Warning Issued on Web Programming Interfaces
Tools that connect websites can also open up new security vulnerabilities, experts say.
The rapid growth of Web applications has been fueled in part by application programming interfaces (APIs)–software specifications that allow sites and services to connect and interact with one another. But at the DEFCON hacking conference in Las Vegas last weekend, researchers revealed ways to exploit APIs to attack different sites and services.
APIs have been behind the meteoric rise of many key social sites. The social-networking site Facebook, for example, won huge gains in popularity and attention after opening its site to applications written by outside developers using its API.
The API of the microblogging media darling, Twitter, is also credited with partly driving its popularity. John Musser, the founder of Programmable Web, a website for users of mashups and APIs, says that the traffic that comes into Twitter through APIs–for example, from desktop clients–is four to eight times greater than the traffic that comes through its website. “The API has been crucial to the success of that startup,” he says.
But researchers Nathan Hamiel of Hexagon Security Group and Shawn Moyer of Agura Digital Security say that APIs could also be exploited by hackers. They note that several APIs are often stacked on top of each other. For example, an API might be used by the developers of other websites who, in turn, publish APIs of their own. “There could be security problems at the different layers when this sort of stacking happens,” Hamiel says.
Hamiel also notes that APIs can open sites to new kinds of threat. For example, he points to APIs for building applications that work across multiple websites. These tools may allow developers to pull in content from third-party websites, but Hamiel says that this also opens up possibilities for attacks.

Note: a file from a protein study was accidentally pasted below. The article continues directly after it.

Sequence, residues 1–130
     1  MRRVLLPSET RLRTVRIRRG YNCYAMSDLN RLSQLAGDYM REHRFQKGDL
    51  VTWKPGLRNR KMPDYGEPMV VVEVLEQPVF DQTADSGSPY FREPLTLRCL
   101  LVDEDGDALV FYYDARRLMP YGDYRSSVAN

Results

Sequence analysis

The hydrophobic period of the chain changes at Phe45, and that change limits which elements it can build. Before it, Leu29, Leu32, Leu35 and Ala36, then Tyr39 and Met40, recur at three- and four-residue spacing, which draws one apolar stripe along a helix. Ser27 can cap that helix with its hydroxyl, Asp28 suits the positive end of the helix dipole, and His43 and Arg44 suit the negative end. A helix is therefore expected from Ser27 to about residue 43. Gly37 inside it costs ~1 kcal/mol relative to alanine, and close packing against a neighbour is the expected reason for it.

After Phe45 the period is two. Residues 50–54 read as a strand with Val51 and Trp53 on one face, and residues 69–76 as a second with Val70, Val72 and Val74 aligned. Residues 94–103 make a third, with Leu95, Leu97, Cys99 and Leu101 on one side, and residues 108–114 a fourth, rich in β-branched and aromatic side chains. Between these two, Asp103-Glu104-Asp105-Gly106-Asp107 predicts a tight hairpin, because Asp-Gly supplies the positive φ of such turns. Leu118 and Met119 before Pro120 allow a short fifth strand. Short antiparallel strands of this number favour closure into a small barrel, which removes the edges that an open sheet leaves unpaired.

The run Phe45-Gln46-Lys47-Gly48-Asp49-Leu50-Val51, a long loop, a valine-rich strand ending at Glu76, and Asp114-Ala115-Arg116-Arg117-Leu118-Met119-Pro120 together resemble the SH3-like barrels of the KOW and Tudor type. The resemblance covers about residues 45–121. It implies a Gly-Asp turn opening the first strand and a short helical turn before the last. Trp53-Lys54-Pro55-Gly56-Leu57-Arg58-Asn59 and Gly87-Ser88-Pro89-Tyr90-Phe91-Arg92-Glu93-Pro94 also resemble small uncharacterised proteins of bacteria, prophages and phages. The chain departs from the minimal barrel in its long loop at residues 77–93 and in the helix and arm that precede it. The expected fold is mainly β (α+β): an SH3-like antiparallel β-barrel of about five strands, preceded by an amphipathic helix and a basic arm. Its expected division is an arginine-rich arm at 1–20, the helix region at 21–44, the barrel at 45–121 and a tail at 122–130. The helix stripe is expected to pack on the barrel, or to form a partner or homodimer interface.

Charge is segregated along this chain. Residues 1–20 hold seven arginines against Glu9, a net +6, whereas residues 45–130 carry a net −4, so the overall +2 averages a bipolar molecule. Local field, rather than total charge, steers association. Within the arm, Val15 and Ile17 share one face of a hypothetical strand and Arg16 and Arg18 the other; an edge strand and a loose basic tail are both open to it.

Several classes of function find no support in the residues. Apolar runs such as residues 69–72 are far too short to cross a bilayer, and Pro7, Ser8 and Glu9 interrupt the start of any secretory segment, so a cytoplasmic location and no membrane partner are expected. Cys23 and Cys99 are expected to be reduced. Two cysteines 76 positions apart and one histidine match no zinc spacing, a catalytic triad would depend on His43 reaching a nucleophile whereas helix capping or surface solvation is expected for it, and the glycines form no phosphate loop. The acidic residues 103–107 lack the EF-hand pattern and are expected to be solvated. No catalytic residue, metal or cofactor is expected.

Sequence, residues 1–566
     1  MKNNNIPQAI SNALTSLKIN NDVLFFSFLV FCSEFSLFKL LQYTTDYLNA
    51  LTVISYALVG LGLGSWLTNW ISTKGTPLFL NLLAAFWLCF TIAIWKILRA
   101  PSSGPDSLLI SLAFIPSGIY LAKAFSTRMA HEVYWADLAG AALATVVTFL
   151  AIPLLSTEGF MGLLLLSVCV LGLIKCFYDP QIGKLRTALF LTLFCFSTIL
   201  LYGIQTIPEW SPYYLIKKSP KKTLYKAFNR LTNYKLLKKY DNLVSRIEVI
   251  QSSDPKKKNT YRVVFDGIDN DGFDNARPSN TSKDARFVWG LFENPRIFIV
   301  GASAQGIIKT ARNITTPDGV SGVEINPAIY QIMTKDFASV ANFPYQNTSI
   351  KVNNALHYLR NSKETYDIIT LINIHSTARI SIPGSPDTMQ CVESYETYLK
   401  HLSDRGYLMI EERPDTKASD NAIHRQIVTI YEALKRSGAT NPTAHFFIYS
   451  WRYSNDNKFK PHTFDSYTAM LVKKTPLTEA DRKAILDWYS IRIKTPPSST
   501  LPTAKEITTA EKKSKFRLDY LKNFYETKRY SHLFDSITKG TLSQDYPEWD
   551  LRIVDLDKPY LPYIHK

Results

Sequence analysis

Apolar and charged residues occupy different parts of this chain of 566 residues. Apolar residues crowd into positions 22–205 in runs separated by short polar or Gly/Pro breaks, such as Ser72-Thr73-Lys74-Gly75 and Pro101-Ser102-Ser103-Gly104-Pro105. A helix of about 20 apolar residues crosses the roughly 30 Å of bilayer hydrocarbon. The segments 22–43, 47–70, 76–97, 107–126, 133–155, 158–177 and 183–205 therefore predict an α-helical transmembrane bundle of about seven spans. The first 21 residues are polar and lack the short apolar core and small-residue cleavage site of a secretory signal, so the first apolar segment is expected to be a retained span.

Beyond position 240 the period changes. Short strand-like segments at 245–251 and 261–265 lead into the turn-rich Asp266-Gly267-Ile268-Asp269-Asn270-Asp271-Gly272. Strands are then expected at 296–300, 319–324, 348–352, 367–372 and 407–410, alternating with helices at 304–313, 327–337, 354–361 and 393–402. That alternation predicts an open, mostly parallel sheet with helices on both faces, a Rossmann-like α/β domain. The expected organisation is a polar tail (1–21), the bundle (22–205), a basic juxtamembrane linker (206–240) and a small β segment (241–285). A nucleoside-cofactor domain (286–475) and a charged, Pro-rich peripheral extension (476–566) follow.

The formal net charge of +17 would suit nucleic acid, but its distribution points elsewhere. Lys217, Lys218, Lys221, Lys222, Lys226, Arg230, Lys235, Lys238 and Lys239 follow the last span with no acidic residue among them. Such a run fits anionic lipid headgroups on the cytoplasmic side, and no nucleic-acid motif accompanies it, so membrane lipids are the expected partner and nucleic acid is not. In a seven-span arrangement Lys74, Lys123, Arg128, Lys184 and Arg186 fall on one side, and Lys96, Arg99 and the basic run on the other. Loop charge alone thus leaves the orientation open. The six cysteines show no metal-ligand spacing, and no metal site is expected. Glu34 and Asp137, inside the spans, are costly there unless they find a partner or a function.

During his presentation Hamiel showed that an attacker might be able to use an API in unintended ways to gain access to parts of a website that shouldn’t be visible to the public. “Whenever you add functionality, you increase your attack surface,” Hamiel says, noting that what makes an API powerful is often the same as what makes it risky.
Programmable Web’s Musser says that many of the security risks introduced by an API are similar to those found in desktop computers. In both cases, he says, security vulnerabilities exist wherever there is an access point that an attacker might abuse. Any site that builds its API on top of another site’s API is relying on someone else’s security, and it’s not easy to look into what has been built to see how well it has been handled, Musser says. “Part of the fundamental issue is just how new the technology is,” he adds.
Jeremiah Grossman, founder and chief technology officer for WhiteHat Security, says that sites that publish APIs can find it hard to discover security flaws in them. He notes that often it’s difficult to tell how a third-party site is using an API, and if that site has been compromised by an attacker.
APIs are also harder to test than traditional websites, Grossman says. Though software tools have been developed that can analyze a site’s underlying code to pinpoint potential vulnerabilities, those tools won’t work for testing APIs. “It’s a lot more manual with a lot less automation, and it means, at the end of the day for the business, more expense,” he says.
But while experts agree that there’s no easy fix for the risks introduced by APIs, they also say the technology isn’t going away. “Websites are becoming Web services, and that trend isn’t going to stop,” Musser says.
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